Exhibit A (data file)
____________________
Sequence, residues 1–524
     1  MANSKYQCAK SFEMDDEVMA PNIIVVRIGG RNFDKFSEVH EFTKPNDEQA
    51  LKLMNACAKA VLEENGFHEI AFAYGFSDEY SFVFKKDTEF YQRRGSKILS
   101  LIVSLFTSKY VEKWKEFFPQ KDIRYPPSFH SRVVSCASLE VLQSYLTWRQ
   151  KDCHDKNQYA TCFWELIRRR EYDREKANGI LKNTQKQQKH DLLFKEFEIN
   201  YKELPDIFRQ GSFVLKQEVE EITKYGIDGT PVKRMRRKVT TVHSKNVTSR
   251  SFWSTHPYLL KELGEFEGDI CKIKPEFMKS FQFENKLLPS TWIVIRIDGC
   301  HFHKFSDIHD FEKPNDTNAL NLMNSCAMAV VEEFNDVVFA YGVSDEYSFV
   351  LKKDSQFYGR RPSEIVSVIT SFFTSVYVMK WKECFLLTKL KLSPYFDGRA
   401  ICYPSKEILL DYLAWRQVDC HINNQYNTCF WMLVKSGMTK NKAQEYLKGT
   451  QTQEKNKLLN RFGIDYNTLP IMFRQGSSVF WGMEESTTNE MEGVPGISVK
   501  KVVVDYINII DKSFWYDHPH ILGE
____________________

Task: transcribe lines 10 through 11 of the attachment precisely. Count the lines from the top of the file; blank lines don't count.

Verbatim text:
   401  ICYPSKEILL DYLAWRQVDC HINNQYNTCF WMLVKSGMTK NKAQEYLKGT
   451  QTQEKNKLLN RFGIDYNTLP IMFRQGSSVF WGMEESTTNE MEGVPGISVK